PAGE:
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# Binary Arithmetic – 1703 A.D.

1703

Binary Arithmetic

Gottfried Wilhelm Leibniz (1646–1716)

“All information inside a computer is represented as a series of binary digits—0s and 1s—better known as bits. To represent larger numbers—or characters—requires combining multiple binary digits together into binary numbers, also called binary words.

We write decimal numbers with the least significant digit on the right-hand side; each successive digit to the left represents 10 times as much as the previous digit, so the number 123 can be explained as:

123 = 1 × 100 + 2 × 10 + 3 × 1

Which is also equal to:

123 = 1 × 102 + 2 × 101 + 3 × 100

Binary numbers work the same way, except that the multiplier is 2, rather than 10. So the number one hundred and twenty three would be written:

1111011 = 1 × 26 + 1 × 25 + 1 × 24 + 1 × 23 + 0 × 22 + 1 × 21 +1 × 20

Although forms of binary number systems can be traced back to ancient China, Egypt, and India, it was German mathematician Gottfried Wilhelm Leibniz who worked out the rules for binary addition, subtraction, multiplication, and division and then published them in his essay, “Explication de l’arithmétique binaire, qui se sert des seuls caractères 0 & 1; avec des remarques sur son utilité, et sur ce qu’elle donne le sens des anciennes figuers chinoises de Fohy” (“Explanation of binary arithmetic, which uses only characters 0 & 1; with remarks about its utility and the meaning it gives to the ancient Chinese figures of Fuxi”).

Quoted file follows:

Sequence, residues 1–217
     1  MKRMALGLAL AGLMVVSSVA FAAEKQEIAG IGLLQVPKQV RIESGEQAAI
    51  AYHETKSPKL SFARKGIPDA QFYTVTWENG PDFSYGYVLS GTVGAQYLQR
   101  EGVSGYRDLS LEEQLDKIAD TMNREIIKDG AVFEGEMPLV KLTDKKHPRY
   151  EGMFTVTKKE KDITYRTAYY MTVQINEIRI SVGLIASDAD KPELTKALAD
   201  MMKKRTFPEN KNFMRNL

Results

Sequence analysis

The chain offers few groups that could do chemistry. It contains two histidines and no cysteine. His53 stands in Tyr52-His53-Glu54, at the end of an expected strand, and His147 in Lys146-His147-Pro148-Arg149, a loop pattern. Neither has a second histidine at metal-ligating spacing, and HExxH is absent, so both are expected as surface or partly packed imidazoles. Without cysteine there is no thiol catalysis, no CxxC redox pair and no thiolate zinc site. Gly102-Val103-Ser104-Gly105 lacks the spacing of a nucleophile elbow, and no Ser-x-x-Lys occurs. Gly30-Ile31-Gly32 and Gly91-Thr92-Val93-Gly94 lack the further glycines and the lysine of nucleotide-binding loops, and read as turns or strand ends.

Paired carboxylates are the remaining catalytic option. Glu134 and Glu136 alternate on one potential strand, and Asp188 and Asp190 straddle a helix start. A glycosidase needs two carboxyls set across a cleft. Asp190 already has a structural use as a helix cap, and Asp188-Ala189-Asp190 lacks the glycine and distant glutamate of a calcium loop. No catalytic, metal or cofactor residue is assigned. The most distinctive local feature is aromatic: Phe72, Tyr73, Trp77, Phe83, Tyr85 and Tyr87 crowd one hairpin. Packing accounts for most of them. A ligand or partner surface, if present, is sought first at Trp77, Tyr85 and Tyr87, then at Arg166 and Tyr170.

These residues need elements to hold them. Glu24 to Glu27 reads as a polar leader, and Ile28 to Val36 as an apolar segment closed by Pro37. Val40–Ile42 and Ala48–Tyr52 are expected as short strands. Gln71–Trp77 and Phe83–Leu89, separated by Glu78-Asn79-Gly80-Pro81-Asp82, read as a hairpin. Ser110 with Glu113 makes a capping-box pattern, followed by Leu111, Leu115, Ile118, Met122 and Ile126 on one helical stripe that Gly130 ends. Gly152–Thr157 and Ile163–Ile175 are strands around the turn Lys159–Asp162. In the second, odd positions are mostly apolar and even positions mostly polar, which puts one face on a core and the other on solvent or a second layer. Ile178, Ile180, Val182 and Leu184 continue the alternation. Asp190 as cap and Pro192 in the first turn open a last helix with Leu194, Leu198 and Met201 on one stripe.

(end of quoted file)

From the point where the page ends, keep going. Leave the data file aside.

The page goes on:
One of the advantages of binary arithmetic, he wrote, is that there is no need to memorize multiplication tables or to perform trial multiplications to compute divisions: all one needs to do is apply a small set of straightforward rules.

All modern computers use binary notation and perform arithmetic using the same laws that Leibniz first devised.